In seeing the videos, I am very impressed. I don’t know how they pull it off, but it creates a high-quality recording of the mouse movements on the screen and highlights each click-point with a red dot.

    I was watching visits to my conference site, ; it has jQuery toggles, twitter links and a slider. Everything in the site functions in the videos and I am able to see how the visitors interact with the areas. I was able to see patterns of behavior and flaws in my design within the first 5 recordings.

    For example, nearly every visitor scrolls to the bottom of the page and then works back up to the navigation on the right. They click through areas of interest and almost always go back to one of the toggled areas.

    Ironically, the users toggle each area to open it and then close it before going to the next section; then, some return back to reread it. It’s not designed as an accordion, so they can have multiple areas open if they choose.

    I learned that I should have the Hilton name linked in the Locations section, because I could tell that a user was trying to click the name or copied and pasted it.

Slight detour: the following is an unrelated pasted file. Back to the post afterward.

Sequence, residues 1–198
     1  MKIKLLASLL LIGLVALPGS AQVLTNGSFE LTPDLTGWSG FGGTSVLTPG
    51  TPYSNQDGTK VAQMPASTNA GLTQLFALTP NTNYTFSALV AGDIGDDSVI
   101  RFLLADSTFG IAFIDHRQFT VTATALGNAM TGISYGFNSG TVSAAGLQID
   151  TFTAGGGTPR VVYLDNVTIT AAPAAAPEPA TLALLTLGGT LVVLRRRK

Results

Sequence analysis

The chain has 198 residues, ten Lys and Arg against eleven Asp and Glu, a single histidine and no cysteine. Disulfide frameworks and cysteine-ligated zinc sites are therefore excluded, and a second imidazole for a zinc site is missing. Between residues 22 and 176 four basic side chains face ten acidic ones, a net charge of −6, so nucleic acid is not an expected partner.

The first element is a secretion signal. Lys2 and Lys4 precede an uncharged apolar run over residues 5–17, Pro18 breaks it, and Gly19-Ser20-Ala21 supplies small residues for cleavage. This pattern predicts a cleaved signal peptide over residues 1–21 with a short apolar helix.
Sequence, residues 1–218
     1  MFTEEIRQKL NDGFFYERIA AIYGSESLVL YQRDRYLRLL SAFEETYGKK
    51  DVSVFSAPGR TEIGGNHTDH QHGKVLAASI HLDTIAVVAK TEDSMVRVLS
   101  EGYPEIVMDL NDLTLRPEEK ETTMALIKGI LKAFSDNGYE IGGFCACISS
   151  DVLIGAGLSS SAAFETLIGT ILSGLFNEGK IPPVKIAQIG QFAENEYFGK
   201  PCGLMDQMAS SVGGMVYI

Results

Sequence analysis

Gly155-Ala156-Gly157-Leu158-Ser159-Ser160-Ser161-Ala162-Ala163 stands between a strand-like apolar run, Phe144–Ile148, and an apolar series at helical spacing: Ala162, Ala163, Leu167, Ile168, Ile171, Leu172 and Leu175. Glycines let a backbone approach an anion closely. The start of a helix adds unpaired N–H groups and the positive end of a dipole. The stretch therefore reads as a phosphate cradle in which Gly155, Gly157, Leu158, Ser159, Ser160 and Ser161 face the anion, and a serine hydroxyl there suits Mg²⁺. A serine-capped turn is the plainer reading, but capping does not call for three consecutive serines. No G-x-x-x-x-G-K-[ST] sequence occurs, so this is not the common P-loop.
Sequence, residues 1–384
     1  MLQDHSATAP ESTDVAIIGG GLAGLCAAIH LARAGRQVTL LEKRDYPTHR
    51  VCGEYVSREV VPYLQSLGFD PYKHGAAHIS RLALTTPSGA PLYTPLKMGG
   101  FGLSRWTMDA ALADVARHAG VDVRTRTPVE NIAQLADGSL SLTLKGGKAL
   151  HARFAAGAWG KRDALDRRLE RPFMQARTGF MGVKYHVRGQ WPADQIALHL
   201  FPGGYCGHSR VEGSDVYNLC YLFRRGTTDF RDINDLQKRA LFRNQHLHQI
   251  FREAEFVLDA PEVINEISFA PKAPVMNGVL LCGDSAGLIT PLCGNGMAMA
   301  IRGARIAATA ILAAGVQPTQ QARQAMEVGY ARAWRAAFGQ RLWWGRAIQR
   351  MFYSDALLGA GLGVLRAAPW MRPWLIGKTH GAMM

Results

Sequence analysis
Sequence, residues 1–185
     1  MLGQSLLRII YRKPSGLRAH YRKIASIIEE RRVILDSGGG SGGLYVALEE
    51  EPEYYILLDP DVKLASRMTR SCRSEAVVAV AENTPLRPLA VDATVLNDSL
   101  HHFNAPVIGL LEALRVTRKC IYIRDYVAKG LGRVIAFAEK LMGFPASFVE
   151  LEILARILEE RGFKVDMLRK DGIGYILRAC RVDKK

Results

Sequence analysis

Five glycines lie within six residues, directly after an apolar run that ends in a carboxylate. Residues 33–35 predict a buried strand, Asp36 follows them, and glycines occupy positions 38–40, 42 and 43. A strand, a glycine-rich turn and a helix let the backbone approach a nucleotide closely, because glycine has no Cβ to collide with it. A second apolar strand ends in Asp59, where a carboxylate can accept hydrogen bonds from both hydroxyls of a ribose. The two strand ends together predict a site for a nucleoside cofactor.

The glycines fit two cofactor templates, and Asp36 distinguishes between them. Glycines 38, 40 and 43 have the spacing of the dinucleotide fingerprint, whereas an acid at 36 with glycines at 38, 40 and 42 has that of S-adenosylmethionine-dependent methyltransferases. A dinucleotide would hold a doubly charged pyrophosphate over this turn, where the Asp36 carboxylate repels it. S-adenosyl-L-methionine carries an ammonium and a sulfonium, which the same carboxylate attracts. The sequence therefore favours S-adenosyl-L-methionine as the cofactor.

Those are just a few of the things that I have seen in the videos so far. I really enjoy this and I will absolutely add it as a feature for future clients of mine. I hope to take the freelancing plunge before long…

    The key things to remember are that it is simple and easy to register and for quality results, use Firefox. (Chrome misses a lot of the javascript functionality in the playbacks. I only used it in those two browsers. I tried it in Chrome at first and was disappointed. I happened to be on a different machine later and checked the videos using Firefox and was able to see everything that the user did. That’s when I was wowed!)

    Great post Matthew!

  • Mike van Hoenselaar Reply

    I used it before. It was very slow to load at the time. I used ClickTale instead. I still think it’s better. Maybe try the new version of UserFly.

    Anyone did research on speed when using UserFly?

  • Leon Paternoster Reply

    Everything about userfly is great, even the pricing structure!

    We can get the data from analytics, but actually seeing someone land on your site, scroll up and down and then leave really pushes the message home about skimming and scanning.

    I found that when readers stay on a page they don’t read in a linear fashion. It’s really quite odd, and just reinforces all that Nielsen says about structuring and emphasising information.

    I’ve used the info in the design of my site; simple things appending a list of related links to articles.

  • mrSeanG Reply